By Jeff Keeling
Five years of toil and dedication by dozens of volunteers have yielded a good foundation at Johnson City’s newest park, Jacob’s Nature Park at Sinking Creek – trails, a few benches for visitors, and the reintroduction of hundreds of native plants. With its emphasis on enjoying a natural setting, the 28-acre mix of a wooded ridge and acres of wetlands won’t ever be the scene of playgrounds, ballfields or pavement.
A few intrepid groups of children have enjoyed the park’s rich array of flora and fauna, but they’ve done so in spite of one major, important component of the park yet to be completed – a safe, wide, accessible bridge over Sinking Creek.
That’s about to change at the park that’s located along King Springs Road just more than one-half mile east of the road’s intersection with Legion Street and even closer to Mountain View Elementary School – and that makes Parks and Recreation Director Roger Blakeley happy.
“It is a beautiful place that brings tranquility and peace to a lot of people,” Blakeley said of the park. “When you have this here, it’ll open the door to have a lot of people use the park that aren’t using it now. We anticipate that we’re going to have more people use it.”
The “this” to which Blakeley refers is a 10-foot-wide bridge that will span the creek on the park’s downstream end and should be done within a few weeks. As dragonflies buzz around them, frogs bask in the mud and the creek babbles by, Parks and Recreation crews have been completing the complex infrastructure work necessary to place the handicapped accessible bridge that will bring visitors from the wetlands half of the park to its wooded slopes and the trails that meander through them.
Though they hit rock, the crews have placed the necessary supports, and are completing a boardwalk and ramp leading to the span. Next week, labor crews from the Tennessee Department of Corrections will be in the park, placing the bridge’s decking and side rails.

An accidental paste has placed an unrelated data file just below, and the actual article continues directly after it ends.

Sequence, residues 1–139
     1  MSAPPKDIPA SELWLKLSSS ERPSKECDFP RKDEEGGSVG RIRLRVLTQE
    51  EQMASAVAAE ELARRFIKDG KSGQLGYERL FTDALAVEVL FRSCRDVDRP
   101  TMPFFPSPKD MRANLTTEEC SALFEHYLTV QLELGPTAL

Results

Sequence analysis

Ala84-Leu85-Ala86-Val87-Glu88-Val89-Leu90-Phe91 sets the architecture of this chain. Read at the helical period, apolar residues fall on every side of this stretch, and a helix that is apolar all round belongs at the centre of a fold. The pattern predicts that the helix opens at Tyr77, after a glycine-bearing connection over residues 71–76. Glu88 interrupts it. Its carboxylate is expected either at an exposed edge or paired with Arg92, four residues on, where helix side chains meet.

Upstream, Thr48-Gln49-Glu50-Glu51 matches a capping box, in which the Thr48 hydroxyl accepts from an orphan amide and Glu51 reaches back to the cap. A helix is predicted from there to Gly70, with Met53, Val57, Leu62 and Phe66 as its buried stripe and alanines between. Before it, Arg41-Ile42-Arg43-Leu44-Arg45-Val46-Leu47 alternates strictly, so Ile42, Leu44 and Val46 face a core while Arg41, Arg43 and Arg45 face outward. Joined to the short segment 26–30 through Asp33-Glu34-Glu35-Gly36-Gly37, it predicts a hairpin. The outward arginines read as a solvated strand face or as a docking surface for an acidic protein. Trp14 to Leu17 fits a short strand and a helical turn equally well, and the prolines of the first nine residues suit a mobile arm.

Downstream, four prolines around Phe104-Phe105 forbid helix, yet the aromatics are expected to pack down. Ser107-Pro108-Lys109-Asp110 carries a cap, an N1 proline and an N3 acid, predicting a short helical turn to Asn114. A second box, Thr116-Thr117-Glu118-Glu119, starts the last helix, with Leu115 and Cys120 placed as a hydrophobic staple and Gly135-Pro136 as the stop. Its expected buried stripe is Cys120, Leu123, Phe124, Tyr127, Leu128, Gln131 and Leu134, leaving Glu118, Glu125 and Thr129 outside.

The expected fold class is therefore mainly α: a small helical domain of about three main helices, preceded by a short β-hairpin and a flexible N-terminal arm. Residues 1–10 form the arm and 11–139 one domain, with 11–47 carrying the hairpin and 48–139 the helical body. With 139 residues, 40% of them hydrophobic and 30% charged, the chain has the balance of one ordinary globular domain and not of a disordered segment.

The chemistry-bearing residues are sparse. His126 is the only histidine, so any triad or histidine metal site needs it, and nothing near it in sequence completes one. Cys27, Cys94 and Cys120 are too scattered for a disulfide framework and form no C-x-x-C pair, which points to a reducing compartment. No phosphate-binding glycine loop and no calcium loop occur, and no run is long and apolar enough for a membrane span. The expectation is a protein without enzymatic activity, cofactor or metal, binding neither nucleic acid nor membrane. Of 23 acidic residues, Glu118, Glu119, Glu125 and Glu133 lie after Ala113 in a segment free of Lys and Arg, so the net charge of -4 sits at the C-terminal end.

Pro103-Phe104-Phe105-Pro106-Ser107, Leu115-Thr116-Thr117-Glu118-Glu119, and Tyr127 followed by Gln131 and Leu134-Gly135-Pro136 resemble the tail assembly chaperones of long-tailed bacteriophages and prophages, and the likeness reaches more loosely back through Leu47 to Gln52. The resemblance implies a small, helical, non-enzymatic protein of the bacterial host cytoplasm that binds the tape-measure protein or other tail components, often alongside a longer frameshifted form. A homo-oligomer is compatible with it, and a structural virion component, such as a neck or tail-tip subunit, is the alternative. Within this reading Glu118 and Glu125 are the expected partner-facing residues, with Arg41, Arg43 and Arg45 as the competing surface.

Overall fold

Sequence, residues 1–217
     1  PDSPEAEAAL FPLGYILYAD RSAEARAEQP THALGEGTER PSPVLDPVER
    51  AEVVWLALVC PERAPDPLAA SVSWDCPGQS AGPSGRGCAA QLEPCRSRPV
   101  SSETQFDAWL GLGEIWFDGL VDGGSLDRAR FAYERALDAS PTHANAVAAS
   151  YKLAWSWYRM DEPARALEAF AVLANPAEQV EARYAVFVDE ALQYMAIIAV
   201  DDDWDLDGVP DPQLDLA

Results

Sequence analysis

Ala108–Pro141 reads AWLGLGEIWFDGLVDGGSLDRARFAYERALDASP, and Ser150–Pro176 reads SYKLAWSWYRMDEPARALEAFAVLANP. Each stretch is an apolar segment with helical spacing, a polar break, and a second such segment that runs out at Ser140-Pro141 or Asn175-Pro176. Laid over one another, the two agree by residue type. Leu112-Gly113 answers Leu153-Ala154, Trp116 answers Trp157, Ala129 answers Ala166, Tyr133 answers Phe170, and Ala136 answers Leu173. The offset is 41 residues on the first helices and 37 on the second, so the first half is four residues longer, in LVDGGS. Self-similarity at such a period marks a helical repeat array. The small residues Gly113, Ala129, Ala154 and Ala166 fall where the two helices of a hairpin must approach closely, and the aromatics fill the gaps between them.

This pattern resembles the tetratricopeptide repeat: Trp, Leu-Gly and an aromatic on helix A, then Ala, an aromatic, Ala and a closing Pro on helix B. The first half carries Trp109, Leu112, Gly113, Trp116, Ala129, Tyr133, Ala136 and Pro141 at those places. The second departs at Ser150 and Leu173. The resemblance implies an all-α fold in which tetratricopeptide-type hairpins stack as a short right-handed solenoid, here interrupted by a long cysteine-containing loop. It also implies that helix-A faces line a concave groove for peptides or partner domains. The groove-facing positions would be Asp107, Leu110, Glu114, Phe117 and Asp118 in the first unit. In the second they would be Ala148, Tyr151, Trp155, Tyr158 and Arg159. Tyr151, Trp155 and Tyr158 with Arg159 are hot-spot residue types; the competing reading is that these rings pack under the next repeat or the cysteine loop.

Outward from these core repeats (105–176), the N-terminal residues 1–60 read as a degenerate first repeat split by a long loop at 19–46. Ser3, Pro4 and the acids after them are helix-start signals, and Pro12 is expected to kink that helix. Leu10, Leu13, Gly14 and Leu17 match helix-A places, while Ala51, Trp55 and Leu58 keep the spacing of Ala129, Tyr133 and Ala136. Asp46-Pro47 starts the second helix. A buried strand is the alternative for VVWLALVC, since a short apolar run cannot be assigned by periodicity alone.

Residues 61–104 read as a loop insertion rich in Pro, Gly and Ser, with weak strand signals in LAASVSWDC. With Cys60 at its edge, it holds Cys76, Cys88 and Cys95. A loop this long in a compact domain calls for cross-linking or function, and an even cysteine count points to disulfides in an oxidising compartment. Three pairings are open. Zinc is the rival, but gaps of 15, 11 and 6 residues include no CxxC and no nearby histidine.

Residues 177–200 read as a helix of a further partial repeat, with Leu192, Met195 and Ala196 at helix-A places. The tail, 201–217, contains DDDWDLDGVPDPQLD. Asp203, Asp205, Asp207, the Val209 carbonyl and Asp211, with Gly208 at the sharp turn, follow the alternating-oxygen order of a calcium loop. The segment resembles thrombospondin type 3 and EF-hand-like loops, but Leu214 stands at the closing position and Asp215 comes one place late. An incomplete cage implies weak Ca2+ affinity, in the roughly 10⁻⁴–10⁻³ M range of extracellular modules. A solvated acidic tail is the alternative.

Blakeley said the new infrastructure will take visitors from the parking lot past a rich bit of wetland prior to reaching the bridge.
“It goes over a marshy area and past a vernal pool,” Blakeley said. “We’ll have gravel and a boardwalk as part of this project.”
“Without this bridge, it’s a little rough getting across the creek,” Blakeley said. “With this, anyone can do it.”
The changes underway at the park are bringing great joy and satisfaction to Bill Francisco, for whose son, Jacob, the park is named. The Franciscos live along Sinking Creek upstream from the park. Jacob died in 2004, when he was 6, from complications related to an E. coli bacteria infection. Since then, Francisco has worked on projects designed to help the public be more aware of the importance of clean water and the dangers of E. coli.
In 2011, Francisco teamed up with other Boone Watershed Partnership members and – with increasing levels of monetary and in-kind help from college students, boy scouts and many others – began working to help make the park a reality. Money raised for the park and saved in a BWP account is paying for the bridge materials and the engineering, with the city taking care of the labor and additional needs.
“With the sign and the boardwalk and the bridge, families will stop instead of just driving by, and kids will get out and run around, they’ll go to the top of the bridge and spit down and see if a fish comes up to nibble on it,” Francisco said. “Then they’ll say, ‘look at this trail, it goes creekside.’
“People will just explore, and we’ll have kids climbing trees again, and running around – and that – that was my son. When I see the kids out here; it’s how he lived.”
For his part, Blakeley said the park represents a very important element of Johnson City’s overall park system, and one that’s becoming increasingly important to people.
“Remember, this is a forested area in the middle of town that has access to trails,” Blakeley said. “It gives bird watchers a chance to go in, it gives people a chance to get away from cars and trucks and all that kind of stuff and just go in and relax.
“We don’t really have balls and bats out there, we just have people walking around. This park is similar to Willow Springs but it has a different dimension. This is like stepping into the forest. Because of the creek and because of the work we’ve done, we’re clearing up the water, we’re seeing more amphibians come in.”
Jacob’s Park visitors can park at a small lot on the south side of King Springs Road about 0.6 miles east of its four-way stop intersection with Legion Street. Plans are underway for additional boardwalks and an outdoor learning center, as well as for a nature center at the upstream end of the park, which is near the Tweetsie Trail. To learn more about the project and about Jacob Francisco, visit jacobfrancisco.com.